Are Runners Too Obsessed With Weight Loss?
When I was a kid, I’d throw on an old white tee, some Converse sneakers, and go blow off steam at the track behind my house. After what felt like a solid effort, I’d head home and go right to bed. Running meant something to me, and while I didn’t know exactly what, I knew it was a good thing for me to do.
Now, running is my life. I run to be free, feel alive, and of course, I run to stay fit. A lot has changed since those evenings I spent at the track, and running has gotten more and more popular. But the other day when I was scrolling through my Twitter feed I’d had enough— it seemed like every single running publication I follow was pushing some kind of weight loss agenda. Since when did runners become so weight obsessed?
Personally, I can’t stand weight stigma. And I’m coming from the perspective of a former fashion model who graced the cover of several national magazines, posing professionally for over a decade. In all that time living up to beauty standards, one of the most valuable lessons I learned was this: What the body looks like isn’t nearly as important as what it can do.
When I transitioned from model to athlete I started to see myself less like a clothes hanger and more like a runner— and the more confident I felt. My body in motion became the body I’m proud of. But harnessing this self-love wasn’t easy. No matter where you look, someone is always trying to tell you how to fix your appearance.
When it comes to fitness, I think our culture completely misses the point, dwelling on the way we look instead of the way we feel. I’d argue that this emphasis on aesthetics can actually prevent us from reaching meaningful goals.
The drive to run has to come from deep within. There has to be a pretty good reason to wake up before the sun every day in the freezing cold or sweltering humidity and surrender to being uncomfortable. The real work comes from figuring out what that motivation is. I could never have gotten as fast or fierce if I was only running to alter the way I looked. There are so many more important things to focus on.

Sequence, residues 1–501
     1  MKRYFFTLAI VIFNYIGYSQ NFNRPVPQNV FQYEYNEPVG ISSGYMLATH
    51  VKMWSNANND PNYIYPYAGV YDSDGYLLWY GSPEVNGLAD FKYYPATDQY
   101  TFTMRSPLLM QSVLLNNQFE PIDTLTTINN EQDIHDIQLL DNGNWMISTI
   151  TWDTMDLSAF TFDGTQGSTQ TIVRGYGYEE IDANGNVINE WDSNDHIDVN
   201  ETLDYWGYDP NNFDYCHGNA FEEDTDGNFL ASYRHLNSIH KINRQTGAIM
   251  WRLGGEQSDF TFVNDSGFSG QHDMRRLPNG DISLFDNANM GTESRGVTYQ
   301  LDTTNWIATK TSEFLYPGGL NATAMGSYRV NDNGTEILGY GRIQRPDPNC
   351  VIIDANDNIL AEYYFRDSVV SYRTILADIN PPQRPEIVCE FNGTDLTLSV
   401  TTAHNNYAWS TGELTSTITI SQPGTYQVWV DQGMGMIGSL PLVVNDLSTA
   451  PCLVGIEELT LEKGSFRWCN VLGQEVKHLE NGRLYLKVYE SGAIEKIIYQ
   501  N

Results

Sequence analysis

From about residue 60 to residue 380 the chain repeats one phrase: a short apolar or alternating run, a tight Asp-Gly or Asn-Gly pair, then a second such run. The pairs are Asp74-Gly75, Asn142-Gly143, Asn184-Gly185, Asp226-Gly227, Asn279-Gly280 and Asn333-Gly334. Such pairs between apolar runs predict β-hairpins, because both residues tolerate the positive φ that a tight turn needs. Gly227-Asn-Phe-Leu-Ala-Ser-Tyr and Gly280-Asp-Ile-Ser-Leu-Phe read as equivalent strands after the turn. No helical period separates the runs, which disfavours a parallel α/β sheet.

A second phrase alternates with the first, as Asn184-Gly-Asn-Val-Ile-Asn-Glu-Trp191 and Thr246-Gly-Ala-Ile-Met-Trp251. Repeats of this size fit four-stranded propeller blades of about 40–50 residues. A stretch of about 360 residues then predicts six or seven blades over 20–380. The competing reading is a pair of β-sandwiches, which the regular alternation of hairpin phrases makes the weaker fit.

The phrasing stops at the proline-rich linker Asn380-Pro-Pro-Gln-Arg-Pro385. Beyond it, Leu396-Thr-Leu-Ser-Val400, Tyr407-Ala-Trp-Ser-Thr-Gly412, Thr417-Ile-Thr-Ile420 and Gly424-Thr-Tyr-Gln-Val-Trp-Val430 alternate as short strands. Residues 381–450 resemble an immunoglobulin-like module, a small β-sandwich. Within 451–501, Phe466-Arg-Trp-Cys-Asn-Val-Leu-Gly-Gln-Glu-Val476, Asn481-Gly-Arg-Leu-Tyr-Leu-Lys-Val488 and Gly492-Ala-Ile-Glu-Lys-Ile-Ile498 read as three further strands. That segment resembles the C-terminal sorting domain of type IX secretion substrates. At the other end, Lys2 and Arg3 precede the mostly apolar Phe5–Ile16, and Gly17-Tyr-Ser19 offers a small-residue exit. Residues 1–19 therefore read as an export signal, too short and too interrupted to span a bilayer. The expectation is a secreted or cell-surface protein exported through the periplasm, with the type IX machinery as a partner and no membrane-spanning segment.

Real results come from setting genuine intentions for yourself. Putting your body through intense physical challenges builds a strong mental game, and that’s what bleeds into other aspects of daily life. After I run I am mindful of eating and recovering in order to run again the next day. It’s not a strict regimen of diet and exercise. It’s living with a purpose. Instead of looking at running as a means to burn off pounds or calories, I like to look at it as a chance to connect with myself to improve in other parts of my life.
The way someone approaches movement completely affects how enjoyable it is. I feel like so many people would reap the benefits of running if they simply changed their reason to run. Focusing on developing strength, stamina, and discipline are positive goals that bring such a bigger outcome than the goal of weight loss. Even though we are led to believe that slimming down is a noble undertaking, there are much bigger things to put your energy into. Whenever I go into a hard workout, I like to think of it as a privilege to see what I can do with the body I’ve been given. That’s when I feel ready to lay it all out.
From my point of view, the more weight obsessed people are, the less intuitive eating and moving becomes. Reaching your goal weight doesn’t suddenly make you happy— but working towards a Boston Qualifier or even a faster 5k? That’s a real achievement worthy of the pursuit.
In an attempt to fix the fixation of losing weight prevalent in the running community I often turn to one of the female empowered running groups I’m a member of. We post and discuss how often we feel inundated with weight loss articles or weight-speak in general.
Talking to these other runners, I learned that a lot of people do start running to lose weight. For those people introduced to running on the notion that they can lose weight, having communities of people who share all the other reasons to stick with it can help alleviate the pressures of diet culture.
Getting fitter isn’t to be confused with getting lighter. Being a healthier person is one of the main reasons I run, but it’s my commitment to positive goals regarding function instead of shrinking size that brings about the most powerful, long-lasting changes. I believe that we can go much further than we think we can— as long as we’re running from the right place.